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5 Steps to Compassion During Alcohol Rehab

There are many negative thoughts that roll through a person’s mind that is in an alcohol rehab center. Whether it is guilt, sorrow, self-pity or anger, these feelings create a low self-esteem that can lead to negative behavior including relapse. Getting sober and staying sober is a journey that includes learning how to cope, be compassionate and supportive of yourself.  Sobriety is a journey and here are some tips that will help you along the way.

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  1.  Avoiding the Truth: One of the most common denominators in addition is the “a” word, avoidance. Addicts and those in alcohol rehab centers suppress their emotions and consequently the more negative thoughts they have the more negatively they feel about their situation leading to self hatred and self loathing.  This avoiding the truth prevents progress to sobriety. As soon as the avoidance of the truth stops then recovery and compassion can begin.
  2.  Compassion Is a Positive Tool: Studies show that a compassionate state of mind can be learned. Not only is compassion a positive way to regain a positive self image, it has proven to assist addicts deal with stress, overcome cravings and handle their emotions more productively. Practicing positive self talk improves self esteem, and teaches you positive tools to a long lasting lifetime of sobriety.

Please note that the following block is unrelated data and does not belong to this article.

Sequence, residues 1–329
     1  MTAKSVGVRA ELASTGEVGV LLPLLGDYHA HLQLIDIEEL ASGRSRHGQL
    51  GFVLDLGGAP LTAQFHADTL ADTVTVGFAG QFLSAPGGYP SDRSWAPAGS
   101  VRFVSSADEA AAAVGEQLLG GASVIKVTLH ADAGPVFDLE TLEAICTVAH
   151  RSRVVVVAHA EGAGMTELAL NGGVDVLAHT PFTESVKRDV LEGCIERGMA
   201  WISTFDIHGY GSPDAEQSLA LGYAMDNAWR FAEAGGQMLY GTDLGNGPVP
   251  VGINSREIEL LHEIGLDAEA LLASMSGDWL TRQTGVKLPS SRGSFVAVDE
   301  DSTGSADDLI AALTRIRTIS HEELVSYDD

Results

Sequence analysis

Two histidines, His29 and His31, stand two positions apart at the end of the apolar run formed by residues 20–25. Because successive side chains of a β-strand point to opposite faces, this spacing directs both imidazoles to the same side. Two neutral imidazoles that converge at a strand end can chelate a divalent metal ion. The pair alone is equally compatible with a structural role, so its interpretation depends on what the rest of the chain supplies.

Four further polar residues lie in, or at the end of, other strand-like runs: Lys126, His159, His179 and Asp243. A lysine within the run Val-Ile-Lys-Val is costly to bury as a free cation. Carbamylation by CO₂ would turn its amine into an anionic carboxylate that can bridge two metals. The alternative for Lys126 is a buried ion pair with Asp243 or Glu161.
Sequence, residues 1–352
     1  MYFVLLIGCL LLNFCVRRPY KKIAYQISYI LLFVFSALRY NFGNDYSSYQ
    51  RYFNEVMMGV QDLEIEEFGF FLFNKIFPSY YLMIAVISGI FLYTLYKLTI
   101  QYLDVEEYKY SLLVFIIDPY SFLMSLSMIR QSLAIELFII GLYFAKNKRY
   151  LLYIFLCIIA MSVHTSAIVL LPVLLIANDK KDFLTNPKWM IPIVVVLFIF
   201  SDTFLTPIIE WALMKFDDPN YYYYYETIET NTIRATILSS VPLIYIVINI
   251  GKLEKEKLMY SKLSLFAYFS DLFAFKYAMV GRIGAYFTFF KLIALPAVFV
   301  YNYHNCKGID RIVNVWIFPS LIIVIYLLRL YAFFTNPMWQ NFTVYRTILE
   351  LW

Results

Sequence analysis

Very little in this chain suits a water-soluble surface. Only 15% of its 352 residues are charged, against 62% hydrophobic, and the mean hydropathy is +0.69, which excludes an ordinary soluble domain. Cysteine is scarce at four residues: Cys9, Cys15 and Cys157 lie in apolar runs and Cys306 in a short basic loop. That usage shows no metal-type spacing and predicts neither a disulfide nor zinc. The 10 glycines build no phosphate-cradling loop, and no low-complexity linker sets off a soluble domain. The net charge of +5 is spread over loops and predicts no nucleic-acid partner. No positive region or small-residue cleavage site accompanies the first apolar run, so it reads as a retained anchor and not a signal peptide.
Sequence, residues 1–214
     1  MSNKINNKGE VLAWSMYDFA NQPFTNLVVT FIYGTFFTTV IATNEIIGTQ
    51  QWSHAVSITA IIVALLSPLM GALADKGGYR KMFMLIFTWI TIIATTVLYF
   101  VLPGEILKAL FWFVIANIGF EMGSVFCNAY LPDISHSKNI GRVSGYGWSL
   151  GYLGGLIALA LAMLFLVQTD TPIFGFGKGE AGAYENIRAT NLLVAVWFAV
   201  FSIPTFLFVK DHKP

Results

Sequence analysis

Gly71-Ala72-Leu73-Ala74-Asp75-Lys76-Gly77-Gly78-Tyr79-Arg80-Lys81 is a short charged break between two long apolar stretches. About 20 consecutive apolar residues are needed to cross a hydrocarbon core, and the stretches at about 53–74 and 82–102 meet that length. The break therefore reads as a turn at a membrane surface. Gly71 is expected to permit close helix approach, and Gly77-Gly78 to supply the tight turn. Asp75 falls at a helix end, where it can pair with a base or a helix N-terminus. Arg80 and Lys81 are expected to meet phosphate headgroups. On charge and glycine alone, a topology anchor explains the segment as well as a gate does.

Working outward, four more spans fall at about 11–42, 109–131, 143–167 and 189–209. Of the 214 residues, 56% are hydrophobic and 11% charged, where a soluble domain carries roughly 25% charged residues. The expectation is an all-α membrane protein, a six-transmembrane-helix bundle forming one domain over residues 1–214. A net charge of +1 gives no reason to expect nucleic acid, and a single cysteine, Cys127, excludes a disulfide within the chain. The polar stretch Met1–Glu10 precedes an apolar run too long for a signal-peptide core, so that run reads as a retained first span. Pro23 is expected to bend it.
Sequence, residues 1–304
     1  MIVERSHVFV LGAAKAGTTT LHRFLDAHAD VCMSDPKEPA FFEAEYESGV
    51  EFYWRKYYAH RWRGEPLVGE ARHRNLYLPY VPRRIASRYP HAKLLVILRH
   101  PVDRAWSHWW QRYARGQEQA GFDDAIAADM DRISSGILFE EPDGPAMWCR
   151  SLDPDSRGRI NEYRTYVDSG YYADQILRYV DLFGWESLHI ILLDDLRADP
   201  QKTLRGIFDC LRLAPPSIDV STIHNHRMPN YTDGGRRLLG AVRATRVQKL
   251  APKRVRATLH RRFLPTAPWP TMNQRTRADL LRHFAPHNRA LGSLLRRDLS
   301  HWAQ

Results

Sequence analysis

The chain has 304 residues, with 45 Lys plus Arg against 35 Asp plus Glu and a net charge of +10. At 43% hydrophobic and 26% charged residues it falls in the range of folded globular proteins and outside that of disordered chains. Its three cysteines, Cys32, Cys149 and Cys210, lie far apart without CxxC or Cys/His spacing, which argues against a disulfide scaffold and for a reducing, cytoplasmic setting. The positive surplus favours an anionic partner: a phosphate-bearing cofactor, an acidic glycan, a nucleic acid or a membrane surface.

3.  Emotional Boost:  Self compassion provides you with both a physical and emotional boost. Not only does self compassion and positive self talk decrease the body’s cortisol, the stress hormone, levels it promotes the production of oxytocin a feel good chemical the body naturally releases that will decrease cravings.
  4.  Self Compassion Rules:  There are 5 rules those in drug and alcohol rehab centers and recovery should practice maintaining compassion: They are:
  •  Acknowledge mistakes and “let them go” because the past is the past and cannot be relived. The future is yours to embrace and enjoy.
  • Be in the present, the moment. Rushing recovery or your life isn’t healthy or productive. Your recovery is one second at a time, one moment in time that leads you to a lifetime of sobriety and happiness.
  • Be aware and focus on self-growth instead of self-improvement. Learning how to love yourself and learn from every moment makes you a better, healthier, sober human being.
  • Treat and speak to yourself with the compassion and respect as you would a good, dear friend. You are worth it. Love yourself on the inside and outside.
  • Giving yourself permission to move forward, let negative relationships go and negative behaviors behind. Volunteer for a nonprofit organization, pick up a new hobby or start a journal.

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